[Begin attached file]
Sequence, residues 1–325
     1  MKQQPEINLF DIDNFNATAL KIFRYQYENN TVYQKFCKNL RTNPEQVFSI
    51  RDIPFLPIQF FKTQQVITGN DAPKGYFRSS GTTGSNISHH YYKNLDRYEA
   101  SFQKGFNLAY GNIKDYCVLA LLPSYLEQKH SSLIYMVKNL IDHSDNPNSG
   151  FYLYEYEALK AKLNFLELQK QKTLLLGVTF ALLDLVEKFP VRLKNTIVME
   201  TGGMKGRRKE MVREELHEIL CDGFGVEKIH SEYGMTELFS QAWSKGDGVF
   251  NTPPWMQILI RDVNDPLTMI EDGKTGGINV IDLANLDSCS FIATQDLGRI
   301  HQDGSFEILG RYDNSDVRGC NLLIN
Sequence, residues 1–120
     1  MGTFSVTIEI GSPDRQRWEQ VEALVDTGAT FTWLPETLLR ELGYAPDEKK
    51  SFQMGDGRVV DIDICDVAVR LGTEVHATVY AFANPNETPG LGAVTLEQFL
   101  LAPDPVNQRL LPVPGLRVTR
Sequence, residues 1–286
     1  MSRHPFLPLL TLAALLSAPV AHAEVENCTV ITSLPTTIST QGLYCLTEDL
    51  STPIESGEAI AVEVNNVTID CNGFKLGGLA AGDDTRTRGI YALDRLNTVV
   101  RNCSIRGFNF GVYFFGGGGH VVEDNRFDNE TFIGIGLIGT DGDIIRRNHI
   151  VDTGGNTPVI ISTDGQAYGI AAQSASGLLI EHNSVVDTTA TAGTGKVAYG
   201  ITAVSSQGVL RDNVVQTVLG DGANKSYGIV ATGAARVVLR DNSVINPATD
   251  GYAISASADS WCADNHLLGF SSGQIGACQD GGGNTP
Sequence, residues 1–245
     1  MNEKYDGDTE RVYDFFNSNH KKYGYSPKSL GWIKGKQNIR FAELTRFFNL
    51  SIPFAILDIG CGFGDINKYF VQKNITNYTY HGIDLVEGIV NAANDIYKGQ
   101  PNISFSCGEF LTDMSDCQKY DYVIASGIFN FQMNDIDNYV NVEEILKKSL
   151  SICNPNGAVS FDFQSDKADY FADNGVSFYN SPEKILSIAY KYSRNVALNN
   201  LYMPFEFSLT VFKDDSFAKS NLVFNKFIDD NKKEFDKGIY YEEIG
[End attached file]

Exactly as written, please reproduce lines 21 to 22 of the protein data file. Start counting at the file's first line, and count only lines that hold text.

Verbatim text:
     1  MNEKYDGDTE RVYDFFNSNH KKYGYSPKSL GWIKGKQNIR FAELTRFFNL
    51  SIPFAILDIG CGFGDINKYF VQKNITNYTY HGIDLVEGIV NAANDIYKGQ